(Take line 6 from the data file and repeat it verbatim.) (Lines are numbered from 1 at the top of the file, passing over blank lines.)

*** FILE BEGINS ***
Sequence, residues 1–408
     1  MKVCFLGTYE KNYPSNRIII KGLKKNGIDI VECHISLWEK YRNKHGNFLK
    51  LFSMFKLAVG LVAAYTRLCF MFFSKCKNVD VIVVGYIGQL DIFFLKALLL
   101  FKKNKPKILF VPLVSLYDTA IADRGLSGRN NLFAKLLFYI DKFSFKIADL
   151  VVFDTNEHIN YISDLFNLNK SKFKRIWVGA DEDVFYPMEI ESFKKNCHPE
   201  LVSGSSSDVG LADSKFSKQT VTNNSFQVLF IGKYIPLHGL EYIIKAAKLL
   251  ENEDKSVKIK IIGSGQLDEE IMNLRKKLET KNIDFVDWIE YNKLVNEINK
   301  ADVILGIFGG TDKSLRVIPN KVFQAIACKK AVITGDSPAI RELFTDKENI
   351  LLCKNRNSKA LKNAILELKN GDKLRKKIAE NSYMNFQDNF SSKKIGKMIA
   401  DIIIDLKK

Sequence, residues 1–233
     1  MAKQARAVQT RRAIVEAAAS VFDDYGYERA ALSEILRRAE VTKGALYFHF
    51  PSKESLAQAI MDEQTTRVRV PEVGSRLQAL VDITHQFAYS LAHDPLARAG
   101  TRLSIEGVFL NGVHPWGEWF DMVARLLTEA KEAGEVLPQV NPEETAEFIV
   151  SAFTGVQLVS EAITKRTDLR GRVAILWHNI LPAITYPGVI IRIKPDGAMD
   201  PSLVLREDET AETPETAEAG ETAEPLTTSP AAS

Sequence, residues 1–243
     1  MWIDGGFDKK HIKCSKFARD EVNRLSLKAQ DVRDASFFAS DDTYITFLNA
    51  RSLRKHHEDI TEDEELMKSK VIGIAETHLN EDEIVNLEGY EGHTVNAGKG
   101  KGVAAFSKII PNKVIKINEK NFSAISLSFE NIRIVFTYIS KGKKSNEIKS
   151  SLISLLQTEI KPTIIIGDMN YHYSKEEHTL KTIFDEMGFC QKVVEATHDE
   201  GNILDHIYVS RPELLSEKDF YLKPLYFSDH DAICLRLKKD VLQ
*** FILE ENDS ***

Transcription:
   201  LVSGSSSDVG LADSKFSKQT VTNNSFQVLF IGKYIPLHGL EYIIKAAKLL